Gun bills weren’t the only thing flooding Augusta this spring. There was also a pile of proposed legislation dealing with turkey hunting. Here are a few examples.

If enacted, L.D. 84 would purportedly “expand” turkey hunting opportunities in three ways. Eliminating the required $20 permit and big-game hunting license, it is assumed, would encourage greater participation. Insufficient evidence supports that conclusion.

Tend analysis shows interest in Maine turkey hunting has leveled out. That was in large part why the state did away with the permit lottery. Eliminating more costly requirements won’t increase participation; it will generate less income.

The mere fact that L.D. 84 would remove wild turkeys from the list of Maine’s big-game species is cause for concern. Turkeys are one of the big four species — along with deer, bear and moose — that make up the Maine Slam.

Next, L.D. 84 would provide for electronic or telephone registration of turkeys. Such tagging puts hunters on the honor system. Under a mandatory check-station system, the number of turkeys (and deer) now poached is estimated at close to the legal harvest. It’s not unreasonable to assume that number would increase under remote registration.

Last but hardly least, the bill would require the Inland Fisheries and Wildlife (IFW) commissioner to establish spring and fall seasons that allow hunting during all daylight hours, and require that the fall season include October with a two-bird, either-sex bag limit.

I’m all in favor of all-day spring hunting. Studies show it won’t much impact the birds. Most importantly, it would provide significantly more opportunity to youths.

Bu the decision to make that change should rest not with the Legislature but with the professionals at IFW, and should be based on biology, not politics.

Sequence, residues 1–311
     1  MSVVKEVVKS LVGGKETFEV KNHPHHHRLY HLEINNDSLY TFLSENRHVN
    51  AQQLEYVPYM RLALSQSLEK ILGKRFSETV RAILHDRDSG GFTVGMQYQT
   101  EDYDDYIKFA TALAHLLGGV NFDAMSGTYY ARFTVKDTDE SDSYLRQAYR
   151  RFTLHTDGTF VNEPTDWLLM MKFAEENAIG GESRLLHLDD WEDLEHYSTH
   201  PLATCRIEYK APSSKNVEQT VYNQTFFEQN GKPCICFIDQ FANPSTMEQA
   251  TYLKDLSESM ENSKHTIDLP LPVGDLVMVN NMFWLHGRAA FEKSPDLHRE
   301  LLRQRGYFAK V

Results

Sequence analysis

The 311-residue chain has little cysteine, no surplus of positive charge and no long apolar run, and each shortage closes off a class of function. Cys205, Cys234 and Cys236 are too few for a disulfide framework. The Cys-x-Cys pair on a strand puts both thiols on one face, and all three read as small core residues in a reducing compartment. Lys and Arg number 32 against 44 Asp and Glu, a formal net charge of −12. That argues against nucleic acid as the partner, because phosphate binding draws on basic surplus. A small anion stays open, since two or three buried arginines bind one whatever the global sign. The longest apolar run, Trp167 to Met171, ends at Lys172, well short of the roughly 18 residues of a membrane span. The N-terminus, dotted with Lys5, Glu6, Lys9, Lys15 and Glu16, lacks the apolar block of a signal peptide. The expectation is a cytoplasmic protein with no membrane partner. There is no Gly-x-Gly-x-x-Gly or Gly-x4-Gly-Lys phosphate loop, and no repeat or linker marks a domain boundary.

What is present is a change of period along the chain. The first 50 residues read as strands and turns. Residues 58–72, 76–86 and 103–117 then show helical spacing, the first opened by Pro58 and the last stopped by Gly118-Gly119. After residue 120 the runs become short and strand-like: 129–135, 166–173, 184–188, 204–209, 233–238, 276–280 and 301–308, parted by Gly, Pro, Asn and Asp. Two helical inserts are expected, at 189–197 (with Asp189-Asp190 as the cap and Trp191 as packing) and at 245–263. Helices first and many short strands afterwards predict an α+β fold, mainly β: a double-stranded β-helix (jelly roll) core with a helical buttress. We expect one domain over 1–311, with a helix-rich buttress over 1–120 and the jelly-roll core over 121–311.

The same applies to adding a second turkey to the fall bag limit.

L.D. 143 addresses only one aspect of the above by allowing a hunter to harvest a turkey of either sex during the month of October without an extra charge for the permit. It sounds simple but could be a wolf in sheep’s clothing. Currently the $20 spring permit also includes a fall permit. How would eliminating the fall permit requirement affect the spring permit or the annual bag limit?

More concerning is “during the month of October.” Is this an attempt to open the season for the entire month?

Presenting opposing testimony, IFW wildlife division director Jim Connolly said, “It does not allow the department to manage the wild turkey population” based on biological principles and science. Instead it “mandates a uniform approach across the state that is excessive.”

Essentially L.D. 143 on steroids, L.D. 477 directs the commissioner to establish an open season during October with no bag limit. And IFW opposes it for the same reasons: It removes their ability to manage based on sound science.

Furthermore, science indicates fall hunting can have a much greater negative impact.

L.D. 200 directs the department to establish a six-day spring youth season that would fall “in April when school is not in session.” IFW opposes this one too: States generally set spring turkey seasons to begin after the females have begun incubating. Earlier hunting could significantly disrupt breeding and production.

Wild turkeys are a sustainable resource. The current hunting framework ensures a stable population, all other things being equal.

But all other things are seldom equal. During cold, wet springs, turkey populations could experience substantial short-term declines. Liberalizing seasons or bag limits would only exacerbate the problem.

Bob Humphrey is a freelance writer and registered guide in Pownal. Reached him at:

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